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One of the most interesting challenges for Amerindian perspectivism is an empirical one, set by Césard, Deturche and Erikson (2003). They point out that very few Amazonianist authors have discussed insects, despite the fact that they are not only omnipresent in the environment of the region but play highly significant practical and cultural roles, serving as food, medicine, playthings, fishhooks, indicators of the quality of land for cultivation or hunting, and stings used in initiation rituals. Sometimes insects are considered to be spirits (ibid.: 391); among Kaingang, mosquitoes or ants are spirits of the dead; shamanic arrows can take the form of insects (cf. High, this volume), and insects often seem to be the tangible manifestation of malign principles, or the desire to do harm. Certain insects, because of the supposed power of their venom, are often among the ingredients of hunting poison. Not always merely instruments, they can be subjective agents: bees may have shamanic powers, and the Matses regard red ants as autonomous subjects with their own agency (Cesard, Deturche and Erikson 2003: 392–93). The Amerindian imagination is especially struck by insects’ lack of blood and their desire for the blood of others – blood being associated with vital energy. Despite all of this, the authors point out that indigenous discourses on insects have hitherto been ‘surprisingly neglected’ in recent debates on both animism and perspectivism, which ‘give an eminent place to the relative indifferentiation between the ontological status respectively attributed to humans and to animals, as well as to the notion of metamorphosis and transformability that underpins this’ (ibid.: 394). Lavrillier’s chapter in this volume shows that Siberia too has much potential for investigation in a similar direction. For the Evenki, insects are not a generic category, but carrion bugs are said to come from the world of the dead, and the giant woodwasp is said to be the ‘soul’ of big game such as reindeer or moose; some insects are treated as pets, while others, like spiders, are considered to be ancestor spirits. Beyond Siberia, among the Nuosu, human souls take the form of spiders (Swancutt, this volume), and spiders are so important for them that the Nuosu could even be said to have an arachnidian cosmological idiom. The parallels clearly suggest that this could be fertile ground for further comparison between the regions. The first attempt to consider the animist cosmologies of North Asia in the light of perspectivist theory was made by Morten Pedersen (2001). Using classic ethnographies of the Siberian Chukchi and Koryak by Bogoras (1909) and Jochelson (1908, 1926), Pedersen pointed to the common elements present in Amazonian and Siberian animist societies such as continuity between humans and non-humans, shamanist cosmology, egalitarian ethos and unbounded potential for identification (Pedersen 2001: 416). Pedersen’s attempt to draw an ontological link between North Asia and Amazonia sparked debate on the implications of perspectivist theory for the ethnographies of shamanic societies in and around Mongolia (Pedersen, Empson and Humphrey 2007). The contributors to the latter collection experimented with stretching the original theory that was built on specific ethnographic data while also diverging from it by introducing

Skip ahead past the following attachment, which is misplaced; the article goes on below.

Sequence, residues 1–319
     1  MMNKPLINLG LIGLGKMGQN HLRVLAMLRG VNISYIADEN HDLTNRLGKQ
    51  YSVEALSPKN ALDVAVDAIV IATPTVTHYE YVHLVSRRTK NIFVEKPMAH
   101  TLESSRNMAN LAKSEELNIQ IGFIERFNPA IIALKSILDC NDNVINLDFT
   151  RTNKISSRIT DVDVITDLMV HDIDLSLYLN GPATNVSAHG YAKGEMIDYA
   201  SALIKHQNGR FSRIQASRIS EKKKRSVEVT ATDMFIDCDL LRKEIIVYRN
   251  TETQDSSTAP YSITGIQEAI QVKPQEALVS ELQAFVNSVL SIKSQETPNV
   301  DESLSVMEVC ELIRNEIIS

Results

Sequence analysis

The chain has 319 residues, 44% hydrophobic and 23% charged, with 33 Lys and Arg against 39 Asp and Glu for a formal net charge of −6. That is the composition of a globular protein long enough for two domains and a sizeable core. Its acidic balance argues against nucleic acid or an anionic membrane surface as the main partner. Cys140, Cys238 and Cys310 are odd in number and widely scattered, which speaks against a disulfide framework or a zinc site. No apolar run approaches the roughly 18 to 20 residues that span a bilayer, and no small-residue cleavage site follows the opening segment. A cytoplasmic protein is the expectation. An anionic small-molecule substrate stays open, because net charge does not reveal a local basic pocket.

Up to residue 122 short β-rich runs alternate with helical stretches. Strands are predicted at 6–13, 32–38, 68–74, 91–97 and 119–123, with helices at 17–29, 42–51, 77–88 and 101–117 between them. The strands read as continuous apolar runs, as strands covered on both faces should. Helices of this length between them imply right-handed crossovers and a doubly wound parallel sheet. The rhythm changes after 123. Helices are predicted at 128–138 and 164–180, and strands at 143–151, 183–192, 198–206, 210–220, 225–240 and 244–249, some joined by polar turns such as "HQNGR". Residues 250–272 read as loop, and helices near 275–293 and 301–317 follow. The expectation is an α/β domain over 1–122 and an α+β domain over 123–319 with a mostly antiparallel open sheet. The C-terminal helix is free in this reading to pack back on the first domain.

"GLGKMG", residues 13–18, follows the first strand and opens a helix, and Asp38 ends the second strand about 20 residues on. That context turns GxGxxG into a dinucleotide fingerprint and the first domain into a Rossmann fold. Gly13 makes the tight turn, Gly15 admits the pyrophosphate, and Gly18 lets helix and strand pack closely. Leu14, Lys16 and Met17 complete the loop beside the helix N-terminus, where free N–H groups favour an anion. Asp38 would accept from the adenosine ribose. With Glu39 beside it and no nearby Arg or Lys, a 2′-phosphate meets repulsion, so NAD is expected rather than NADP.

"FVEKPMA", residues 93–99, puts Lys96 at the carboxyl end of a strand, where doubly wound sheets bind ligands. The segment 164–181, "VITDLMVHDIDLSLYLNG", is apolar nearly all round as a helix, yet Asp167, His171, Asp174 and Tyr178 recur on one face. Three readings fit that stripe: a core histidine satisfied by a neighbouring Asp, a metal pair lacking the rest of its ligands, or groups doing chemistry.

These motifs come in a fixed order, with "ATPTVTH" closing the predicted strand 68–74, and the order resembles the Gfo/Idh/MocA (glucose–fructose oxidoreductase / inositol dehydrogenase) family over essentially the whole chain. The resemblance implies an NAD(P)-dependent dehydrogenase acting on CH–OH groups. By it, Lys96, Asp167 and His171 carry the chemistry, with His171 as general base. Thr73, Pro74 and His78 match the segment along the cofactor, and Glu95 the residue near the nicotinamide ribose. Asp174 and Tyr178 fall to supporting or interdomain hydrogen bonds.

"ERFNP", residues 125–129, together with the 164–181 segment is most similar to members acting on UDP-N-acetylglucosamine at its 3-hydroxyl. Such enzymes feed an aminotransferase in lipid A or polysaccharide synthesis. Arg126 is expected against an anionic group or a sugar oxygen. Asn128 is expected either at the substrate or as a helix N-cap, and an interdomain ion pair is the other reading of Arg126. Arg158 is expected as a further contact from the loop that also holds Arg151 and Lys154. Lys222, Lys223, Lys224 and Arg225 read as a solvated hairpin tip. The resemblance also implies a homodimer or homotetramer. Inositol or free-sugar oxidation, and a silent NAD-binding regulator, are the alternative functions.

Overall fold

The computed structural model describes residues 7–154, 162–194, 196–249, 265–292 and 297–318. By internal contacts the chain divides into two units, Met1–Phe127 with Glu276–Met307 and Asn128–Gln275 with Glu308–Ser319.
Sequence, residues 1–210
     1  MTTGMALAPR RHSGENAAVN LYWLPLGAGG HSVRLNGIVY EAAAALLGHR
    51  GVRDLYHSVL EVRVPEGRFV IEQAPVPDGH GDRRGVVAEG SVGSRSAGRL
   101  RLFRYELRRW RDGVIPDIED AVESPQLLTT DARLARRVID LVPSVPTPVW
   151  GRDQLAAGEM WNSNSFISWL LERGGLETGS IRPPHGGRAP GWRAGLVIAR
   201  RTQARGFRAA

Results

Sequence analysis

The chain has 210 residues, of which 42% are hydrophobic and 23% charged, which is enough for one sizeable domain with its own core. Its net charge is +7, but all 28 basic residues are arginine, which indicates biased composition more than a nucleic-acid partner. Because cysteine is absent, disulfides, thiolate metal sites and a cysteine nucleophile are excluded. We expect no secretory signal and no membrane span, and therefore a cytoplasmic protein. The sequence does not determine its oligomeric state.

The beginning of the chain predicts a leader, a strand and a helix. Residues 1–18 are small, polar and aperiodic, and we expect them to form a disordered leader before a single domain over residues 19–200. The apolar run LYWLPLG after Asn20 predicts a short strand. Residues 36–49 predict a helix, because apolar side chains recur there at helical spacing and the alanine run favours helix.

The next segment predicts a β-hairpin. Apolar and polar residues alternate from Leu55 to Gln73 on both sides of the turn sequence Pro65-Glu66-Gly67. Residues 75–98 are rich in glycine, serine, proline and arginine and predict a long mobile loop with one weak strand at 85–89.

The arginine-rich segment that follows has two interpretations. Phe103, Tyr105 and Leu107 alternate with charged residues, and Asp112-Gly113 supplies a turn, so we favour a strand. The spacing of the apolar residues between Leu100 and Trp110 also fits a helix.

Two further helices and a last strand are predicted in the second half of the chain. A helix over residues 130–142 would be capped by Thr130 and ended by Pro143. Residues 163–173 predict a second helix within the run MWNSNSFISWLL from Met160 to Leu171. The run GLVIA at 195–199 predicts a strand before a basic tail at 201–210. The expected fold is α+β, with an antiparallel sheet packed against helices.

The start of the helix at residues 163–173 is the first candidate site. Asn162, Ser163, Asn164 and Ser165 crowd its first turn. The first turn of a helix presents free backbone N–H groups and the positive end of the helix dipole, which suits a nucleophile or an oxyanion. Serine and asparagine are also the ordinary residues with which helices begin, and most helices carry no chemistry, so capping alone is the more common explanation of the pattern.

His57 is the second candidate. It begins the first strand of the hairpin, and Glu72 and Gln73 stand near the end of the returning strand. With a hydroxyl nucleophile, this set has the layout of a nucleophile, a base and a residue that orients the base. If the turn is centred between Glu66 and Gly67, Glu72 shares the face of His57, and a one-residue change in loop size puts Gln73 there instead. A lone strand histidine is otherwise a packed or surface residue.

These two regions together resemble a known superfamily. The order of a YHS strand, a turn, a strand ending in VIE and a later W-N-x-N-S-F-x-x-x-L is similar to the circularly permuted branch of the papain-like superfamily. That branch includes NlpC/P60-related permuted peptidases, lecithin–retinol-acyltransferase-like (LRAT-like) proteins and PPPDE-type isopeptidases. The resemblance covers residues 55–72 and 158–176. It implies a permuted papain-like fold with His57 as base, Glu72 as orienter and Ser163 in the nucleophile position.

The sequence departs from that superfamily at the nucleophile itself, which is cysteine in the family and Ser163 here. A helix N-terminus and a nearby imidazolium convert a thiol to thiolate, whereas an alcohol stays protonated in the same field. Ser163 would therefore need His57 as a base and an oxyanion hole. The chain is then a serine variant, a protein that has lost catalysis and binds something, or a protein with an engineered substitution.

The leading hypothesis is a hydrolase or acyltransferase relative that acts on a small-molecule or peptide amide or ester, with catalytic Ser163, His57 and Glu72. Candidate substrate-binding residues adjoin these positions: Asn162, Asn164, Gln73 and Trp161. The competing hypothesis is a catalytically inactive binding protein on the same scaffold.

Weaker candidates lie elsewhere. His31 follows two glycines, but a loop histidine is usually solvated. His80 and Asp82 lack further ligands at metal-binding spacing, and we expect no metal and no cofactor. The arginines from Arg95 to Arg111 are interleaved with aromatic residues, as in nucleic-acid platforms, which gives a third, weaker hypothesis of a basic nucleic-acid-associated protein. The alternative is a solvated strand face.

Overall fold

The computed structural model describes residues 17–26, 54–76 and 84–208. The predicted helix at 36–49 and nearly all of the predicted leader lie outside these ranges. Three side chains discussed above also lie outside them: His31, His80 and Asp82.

innovations in the process of its application to the analysis of different cultural settings. This led them to introduce Inner Asian ‘transcendental’ perspectivism as the characteristic feature of these societies with a hierarchical cosmological order (Holbraad and Willerslev 2007). In this avatar of perspectivism the symmetrical Amerindian model was subverted and all its components were put in vertical terms and presented as ethnographic varieties of inter- and intra-human perspectivisms across Inner Asia. An important attempt to bring animistic modalities across Siberia, North America and Amazonia into a comparative account has been made by Carlos Fausto, who elaborated on distinctive features of socio-cosmic systems, particularly ‘a common mode of identification between humans and non-humans’ (Fausto 2007: 498). His endeavour to draw on the ethnographies from what he dubbed the ‘Sibero-American’ domain highlighted that predation is the ‘more productive schema in Amazonia’ (ibid.: 498) whereas the progenerative model is dominant in the Siberian and American sub-Arctic (see Brightman 1993; Fienup-Riordan 1990, 1994; Hamayon 1994, 2003; Ingold 2000). His account illustrates that prominent in both Amazonian hunting modalities of predation and commensality, and in Siberian and North American hunter-gathering idioms of love sharing, compassion and reciprocity, are distinctly and dynamically articulated ways of producing people and sociality. The distinction between the models of predation and reciprocity drawn by Fausto appears less sharp in the Siberian and Inner Asian ethnographies of this volume, which show that predatory and extractive relations are also at work but in a less straightforward and even ‘masked’ manner (Swancutt, this volume; Willerslev and Ulturgasheva, this volume). No previous volume has compared the ontologies, cosmologies, myth or religion of Amazonia and Siberia, but several previous studies exist of contiguous regions of the Americas, or Siberia and North America.8 Hallowell’s work, especially his doctoral dissertation on bear ceremonialism (Hallowell 1926) and his classic essay on Ojibwa ontology (Hallowell 1960), has been a rich and inspiring resource for scholars such as Descola, Ingold and Viveiros de Castro. Indeed, Viveiros de Castro’s most recent project (Viveiros de Castro 2009) could be described as a continuation of Hallowell’s pioneering explorations of ‘a relatively unexplored territory – ethno-metaphysics’ (Hallowell 1960: 20). Hallowell focuses his 1926 study on cultural practices and beliefs associated with the bear, and thus limits his analysis to the principal geographical distribution of bear hunting, which ranges from northern Europe, across Inner Asia and the American North, to Meso-America. Limiting the comparison to one (albeit culturally very important) species has the advantage of reducing the number of variables. If a similar study were to be conducted for Lowland South America, the species upon which it would focus would undoubtedly be the jaguar, the consummate and iconic predator of the region. No such work exists, but a focused comparison between the symbolism, beliefs and practices associated with jaguars and bears would make a fascinating study. Both animals are large predators that play a central role in the cosmologies of indigenous peoples, who look upon them